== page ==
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pandemic. i directed the department of transportation to provide flexibility on how many hours they truck driver can provide. there's a limitation to the number of hours you can be on the road. the transportation department is broadening that emergency declaration for the transportation of gasoline and other types of fuel as well in addition to medical supplies and food. the environmental protection agency has approved emergency waivers for louisiana and mississippi that will expand the supply of gasoline that can be sold in those states at such a critical time. these actions should help reduce the impact of gas shortages and price increases as a result of the hurricane. we also know a lot of people lost cell phone service because their particular carrier's tower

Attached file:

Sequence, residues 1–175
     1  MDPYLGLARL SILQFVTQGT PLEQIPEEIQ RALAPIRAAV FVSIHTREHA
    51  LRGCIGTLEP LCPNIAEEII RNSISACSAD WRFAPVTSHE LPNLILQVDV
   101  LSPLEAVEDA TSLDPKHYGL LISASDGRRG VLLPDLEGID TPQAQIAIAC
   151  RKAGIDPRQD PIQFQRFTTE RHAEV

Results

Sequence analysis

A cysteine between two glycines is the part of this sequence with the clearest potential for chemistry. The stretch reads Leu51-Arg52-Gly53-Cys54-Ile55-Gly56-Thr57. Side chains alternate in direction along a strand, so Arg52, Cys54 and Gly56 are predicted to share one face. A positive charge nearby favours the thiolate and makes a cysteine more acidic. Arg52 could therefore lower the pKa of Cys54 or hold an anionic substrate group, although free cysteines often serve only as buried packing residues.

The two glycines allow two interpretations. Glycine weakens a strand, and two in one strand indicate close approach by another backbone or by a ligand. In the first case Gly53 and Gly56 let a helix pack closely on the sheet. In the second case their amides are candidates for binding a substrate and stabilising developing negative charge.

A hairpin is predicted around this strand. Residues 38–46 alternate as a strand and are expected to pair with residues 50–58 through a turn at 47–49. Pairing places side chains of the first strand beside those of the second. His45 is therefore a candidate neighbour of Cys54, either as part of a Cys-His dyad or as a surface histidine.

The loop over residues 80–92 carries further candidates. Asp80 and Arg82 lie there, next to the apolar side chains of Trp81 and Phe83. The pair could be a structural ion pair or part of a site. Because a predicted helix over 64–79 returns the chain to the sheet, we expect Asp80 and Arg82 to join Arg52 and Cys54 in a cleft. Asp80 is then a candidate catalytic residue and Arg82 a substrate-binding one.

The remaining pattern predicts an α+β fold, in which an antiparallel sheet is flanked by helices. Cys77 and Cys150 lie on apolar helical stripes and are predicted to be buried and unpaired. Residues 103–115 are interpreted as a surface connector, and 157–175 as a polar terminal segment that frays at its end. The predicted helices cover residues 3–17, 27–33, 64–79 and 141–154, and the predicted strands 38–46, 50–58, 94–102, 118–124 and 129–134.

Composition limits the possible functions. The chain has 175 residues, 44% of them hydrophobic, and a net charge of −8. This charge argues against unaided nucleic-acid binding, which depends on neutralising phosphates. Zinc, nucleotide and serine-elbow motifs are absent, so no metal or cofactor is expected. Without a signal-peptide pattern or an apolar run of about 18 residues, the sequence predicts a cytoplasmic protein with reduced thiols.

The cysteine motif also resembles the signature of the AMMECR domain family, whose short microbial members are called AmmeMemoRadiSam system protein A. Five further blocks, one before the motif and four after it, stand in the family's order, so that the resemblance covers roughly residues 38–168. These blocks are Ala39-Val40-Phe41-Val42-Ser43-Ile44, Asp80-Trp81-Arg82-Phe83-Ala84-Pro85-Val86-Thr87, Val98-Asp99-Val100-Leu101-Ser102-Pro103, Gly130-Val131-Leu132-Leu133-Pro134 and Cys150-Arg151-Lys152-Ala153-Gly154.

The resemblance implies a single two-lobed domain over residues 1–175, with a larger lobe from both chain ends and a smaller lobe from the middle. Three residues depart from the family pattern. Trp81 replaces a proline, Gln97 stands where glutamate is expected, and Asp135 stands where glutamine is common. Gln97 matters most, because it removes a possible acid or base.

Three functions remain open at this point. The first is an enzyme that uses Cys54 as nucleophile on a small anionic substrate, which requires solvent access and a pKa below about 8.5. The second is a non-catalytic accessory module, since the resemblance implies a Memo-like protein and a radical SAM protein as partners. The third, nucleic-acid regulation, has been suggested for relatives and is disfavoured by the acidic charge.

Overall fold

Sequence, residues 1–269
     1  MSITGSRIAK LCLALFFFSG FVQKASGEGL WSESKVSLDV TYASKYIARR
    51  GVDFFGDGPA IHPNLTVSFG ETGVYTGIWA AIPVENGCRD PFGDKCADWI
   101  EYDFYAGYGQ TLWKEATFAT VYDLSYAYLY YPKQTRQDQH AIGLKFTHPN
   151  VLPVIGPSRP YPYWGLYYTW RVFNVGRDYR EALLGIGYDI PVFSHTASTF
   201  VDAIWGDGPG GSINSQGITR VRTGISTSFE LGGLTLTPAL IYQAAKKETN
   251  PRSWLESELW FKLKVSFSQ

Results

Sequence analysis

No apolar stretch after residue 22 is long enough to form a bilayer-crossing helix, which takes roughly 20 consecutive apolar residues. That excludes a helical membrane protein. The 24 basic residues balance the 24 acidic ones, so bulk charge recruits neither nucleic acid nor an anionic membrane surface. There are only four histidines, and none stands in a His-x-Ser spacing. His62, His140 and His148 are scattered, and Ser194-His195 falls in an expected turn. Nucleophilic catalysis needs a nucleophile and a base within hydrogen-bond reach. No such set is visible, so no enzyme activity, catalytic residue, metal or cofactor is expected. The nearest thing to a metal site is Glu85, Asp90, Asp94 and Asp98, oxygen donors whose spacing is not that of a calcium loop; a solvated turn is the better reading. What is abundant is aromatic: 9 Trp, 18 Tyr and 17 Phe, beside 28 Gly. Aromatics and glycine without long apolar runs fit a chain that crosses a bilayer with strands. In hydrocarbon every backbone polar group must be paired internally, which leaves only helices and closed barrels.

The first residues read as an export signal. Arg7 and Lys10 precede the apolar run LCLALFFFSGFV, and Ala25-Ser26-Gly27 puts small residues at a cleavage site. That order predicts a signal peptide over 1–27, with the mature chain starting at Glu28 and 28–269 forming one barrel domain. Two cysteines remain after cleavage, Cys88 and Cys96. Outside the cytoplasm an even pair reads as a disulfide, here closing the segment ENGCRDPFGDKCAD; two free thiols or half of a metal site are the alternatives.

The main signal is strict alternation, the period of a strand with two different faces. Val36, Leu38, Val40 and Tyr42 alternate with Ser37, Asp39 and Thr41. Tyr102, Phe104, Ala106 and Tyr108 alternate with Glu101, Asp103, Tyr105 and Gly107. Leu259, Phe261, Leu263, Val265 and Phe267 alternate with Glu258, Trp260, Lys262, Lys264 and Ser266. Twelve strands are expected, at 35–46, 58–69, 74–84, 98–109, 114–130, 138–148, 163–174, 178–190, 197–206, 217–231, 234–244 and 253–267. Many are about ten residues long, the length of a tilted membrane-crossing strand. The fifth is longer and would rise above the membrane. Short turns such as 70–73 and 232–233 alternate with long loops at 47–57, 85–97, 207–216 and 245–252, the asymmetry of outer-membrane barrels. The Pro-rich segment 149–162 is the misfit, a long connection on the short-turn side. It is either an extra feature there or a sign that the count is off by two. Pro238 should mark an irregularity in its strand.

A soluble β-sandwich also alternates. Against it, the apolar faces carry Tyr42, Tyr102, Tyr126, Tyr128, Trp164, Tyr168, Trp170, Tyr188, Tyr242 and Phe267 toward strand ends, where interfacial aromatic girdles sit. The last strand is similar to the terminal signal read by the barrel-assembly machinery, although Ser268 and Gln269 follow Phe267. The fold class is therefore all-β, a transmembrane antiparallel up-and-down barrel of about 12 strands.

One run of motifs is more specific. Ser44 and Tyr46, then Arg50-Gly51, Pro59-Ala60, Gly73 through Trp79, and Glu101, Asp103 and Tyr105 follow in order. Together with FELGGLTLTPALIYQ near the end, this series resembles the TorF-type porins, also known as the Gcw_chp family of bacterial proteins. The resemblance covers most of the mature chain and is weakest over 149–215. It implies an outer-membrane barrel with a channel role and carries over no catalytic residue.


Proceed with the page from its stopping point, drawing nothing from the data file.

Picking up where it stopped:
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went down or got damage. a few days ago, i asked the federal communications commission and my white house team to work with cell phone companies to allow customers to use roaming services. that means that folks in the area should be able to get a signal, no matter what carrier. it their carrier is down, they can roam and use another carrier they are not part of, not signed up with. of sons and daughters and moms and dads and loved ones trying to reach each other -- think of sons and daughters and moms and dads and loved ones trying to reach each other. think of the millions of people reaching out for help. this is important, and it is critical. a lot of private companies and public entities are doing their part. today, i'm calling on insurance companies not to evade their responsibility to keep the priorities they made to our